How many airliners do you see pulled up at the boarding gate with L-plates or P-plates? Easy question, huh? How successful would a cut-price airline be; offering cheap flights operated by P-plate pilots?

Of course you never come across this situation, because pilots are trained by professional trainers and examined by professional examiners. They don't get to fly a plane full of passengers until they've proved they're really good at flying an aircraft and reacting to a series of simulated emergencies.

Contrast that situation with passenger vehicle driver training in Australia, where anyone can get a licence after instruction by a person who may have no professional training and isn't required to prove driving competence, let alone the skill to pass on correct techniques. A clear illustration of this obvious incompetence is behaviour at roundabouts, where nearly every driver thinks that giving way to the right is correct.

The NRMA's recent survey of 624 drivers found that 97 percent of them couldn't give 15 correct answers to 15 road rule questions!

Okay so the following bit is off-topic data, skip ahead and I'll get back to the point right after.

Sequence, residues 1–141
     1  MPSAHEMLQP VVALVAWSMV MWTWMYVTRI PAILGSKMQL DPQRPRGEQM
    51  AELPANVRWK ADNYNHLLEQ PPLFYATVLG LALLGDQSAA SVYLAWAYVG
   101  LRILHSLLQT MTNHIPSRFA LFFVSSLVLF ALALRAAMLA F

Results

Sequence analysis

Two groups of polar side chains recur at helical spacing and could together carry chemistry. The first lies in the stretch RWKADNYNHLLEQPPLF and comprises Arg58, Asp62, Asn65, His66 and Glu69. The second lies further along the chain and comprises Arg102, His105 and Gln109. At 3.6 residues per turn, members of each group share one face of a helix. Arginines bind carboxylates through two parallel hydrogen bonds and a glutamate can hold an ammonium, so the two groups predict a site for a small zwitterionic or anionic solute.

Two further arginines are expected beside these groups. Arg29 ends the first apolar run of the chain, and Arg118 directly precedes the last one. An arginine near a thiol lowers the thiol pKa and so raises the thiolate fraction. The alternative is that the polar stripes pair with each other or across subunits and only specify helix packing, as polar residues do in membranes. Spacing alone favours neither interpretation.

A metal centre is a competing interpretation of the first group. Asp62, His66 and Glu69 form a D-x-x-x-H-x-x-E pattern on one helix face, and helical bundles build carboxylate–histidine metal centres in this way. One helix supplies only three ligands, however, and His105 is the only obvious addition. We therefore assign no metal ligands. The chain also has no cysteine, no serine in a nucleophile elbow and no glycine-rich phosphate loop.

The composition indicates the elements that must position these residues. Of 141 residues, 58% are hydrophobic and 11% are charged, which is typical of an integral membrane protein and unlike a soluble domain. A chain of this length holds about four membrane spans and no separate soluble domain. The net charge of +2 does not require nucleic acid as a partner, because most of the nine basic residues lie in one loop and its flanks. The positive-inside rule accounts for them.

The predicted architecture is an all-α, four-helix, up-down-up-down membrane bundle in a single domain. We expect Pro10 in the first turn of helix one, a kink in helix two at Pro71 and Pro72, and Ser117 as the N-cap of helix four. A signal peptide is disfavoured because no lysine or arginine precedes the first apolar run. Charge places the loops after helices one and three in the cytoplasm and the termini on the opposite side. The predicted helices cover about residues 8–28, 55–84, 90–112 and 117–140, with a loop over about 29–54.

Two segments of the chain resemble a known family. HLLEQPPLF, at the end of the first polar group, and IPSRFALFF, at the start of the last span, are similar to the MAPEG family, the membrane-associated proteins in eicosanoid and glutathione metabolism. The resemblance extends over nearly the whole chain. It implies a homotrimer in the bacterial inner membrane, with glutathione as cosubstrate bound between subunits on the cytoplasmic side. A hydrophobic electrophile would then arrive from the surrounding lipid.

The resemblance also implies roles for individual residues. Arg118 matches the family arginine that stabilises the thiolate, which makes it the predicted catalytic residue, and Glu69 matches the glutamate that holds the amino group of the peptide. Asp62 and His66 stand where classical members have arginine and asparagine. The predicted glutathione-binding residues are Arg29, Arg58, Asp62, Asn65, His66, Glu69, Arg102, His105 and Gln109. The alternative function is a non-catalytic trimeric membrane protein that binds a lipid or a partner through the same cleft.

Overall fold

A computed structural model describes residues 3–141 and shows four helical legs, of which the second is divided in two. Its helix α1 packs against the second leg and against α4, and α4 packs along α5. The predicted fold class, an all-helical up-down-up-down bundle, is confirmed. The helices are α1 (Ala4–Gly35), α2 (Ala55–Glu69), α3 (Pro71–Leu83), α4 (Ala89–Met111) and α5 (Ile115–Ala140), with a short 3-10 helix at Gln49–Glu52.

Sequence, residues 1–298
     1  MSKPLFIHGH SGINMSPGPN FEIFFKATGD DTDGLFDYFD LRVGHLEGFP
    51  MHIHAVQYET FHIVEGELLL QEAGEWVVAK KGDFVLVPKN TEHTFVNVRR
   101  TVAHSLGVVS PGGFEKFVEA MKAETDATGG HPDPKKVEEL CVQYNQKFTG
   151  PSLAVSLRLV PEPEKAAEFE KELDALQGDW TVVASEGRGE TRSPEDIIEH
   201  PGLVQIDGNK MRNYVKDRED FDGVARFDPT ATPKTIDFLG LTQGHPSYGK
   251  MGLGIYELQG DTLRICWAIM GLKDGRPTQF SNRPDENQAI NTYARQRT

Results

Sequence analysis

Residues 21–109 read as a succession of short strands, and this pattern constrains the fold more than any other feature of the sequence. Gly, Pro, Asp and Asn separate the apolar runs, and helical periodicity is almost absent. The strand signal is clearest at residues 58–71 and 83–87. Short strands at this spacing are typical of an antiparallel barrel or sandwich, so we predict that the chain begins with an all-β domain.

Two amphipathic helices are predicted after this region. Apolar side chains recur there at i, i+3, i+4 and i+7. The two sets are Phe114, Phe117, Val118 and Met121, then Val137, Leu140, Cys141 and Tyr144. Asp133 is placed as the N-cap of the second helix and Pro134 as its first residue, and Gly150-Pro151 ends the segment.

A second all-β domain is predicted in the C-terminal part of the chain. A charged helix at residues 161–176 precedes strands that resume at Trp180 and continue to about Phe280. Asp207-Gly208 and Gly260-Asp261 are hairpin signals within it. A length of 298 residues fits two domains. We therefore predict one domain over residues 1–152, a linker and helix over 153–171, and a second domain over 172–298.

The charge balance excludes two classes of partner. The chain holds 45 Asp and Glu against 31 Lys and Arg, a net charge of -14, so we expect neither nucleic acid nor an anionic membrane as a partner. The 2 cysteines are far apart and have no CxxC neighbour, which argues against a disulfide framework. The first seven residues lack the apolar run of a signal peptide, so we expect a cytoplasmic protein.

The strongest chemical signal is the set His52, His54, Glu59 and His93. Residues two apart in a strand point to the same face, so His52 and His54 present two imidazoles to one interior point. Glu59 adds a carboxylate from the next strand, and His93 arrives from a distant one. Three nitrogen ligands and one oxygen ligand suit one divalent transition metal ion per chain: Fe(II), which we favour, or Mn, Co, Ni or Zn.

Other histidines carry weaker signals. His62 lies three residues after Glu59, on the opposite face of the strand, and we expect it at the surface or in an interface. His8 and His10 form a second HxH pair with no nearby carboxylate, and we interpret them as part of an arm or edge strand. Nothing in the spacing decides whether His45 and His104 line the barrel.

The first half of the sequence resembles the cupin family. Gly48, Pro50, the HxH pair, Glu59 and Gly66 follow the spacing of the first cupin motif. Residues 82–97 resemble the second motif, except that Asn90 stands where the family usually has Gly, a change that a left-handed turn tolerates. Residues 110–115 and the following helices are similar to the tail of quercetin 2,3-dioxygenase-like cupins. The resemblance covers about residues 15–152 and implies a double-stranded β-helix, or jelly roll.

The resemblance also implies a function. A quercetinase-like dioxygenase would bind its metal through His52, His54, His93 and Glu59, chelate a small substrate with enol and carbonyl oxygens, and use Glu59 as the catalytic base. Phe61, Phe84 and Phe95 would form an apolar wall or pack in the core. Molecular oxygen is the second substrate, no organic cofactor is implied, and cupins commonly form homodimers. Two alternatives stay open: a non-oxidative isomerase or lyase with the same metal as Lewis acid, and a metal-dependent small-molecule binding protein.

Driver licence tests are a joke, as we all know, without the need for candidates to demonstrate any ability in defensive driving or in reacting to an emergency, such as skid.

Driving a vehicle on and off road is the most dangerous task most people will ever do, yet they're allowed to do it with a level of training that is totally inadequate. Driving should be taught as a school subject and examined as such in theory and practice.

A driver's licence is viewed as a right, but it should have to be earned, with a much higher level of skill and knowledge than is presently the case.

Keep left

Posted by Allan Whiting

At Outback Travel Australia we feel sorry for the average Australian driver who hires a vehicle in Europe. Over there, lane discipline is taught to learner drivers and no-one stays in the 'fast lane' unless overtaking. European drivers aren't allowed to overtake on the inside lane, because it's dangerous, yet that 'undertaking' practice is forced on Australian drivers because slower drivers don't keep to the left.

Drive like the typical Aussie driver in Europe and you'll get hooted at, flashed at and bullied, until you do move over.

In Europe, trucks are not allowed to overtake each other on divided four-lane roads - they must stay in the slow lane at all times or risk a fine. Over there, you almost never see overtaking trucks blocking both lanes.

Speeding trucks are also a rarity, because they're restricted to 80-85km/h and the cops are ever vigilant.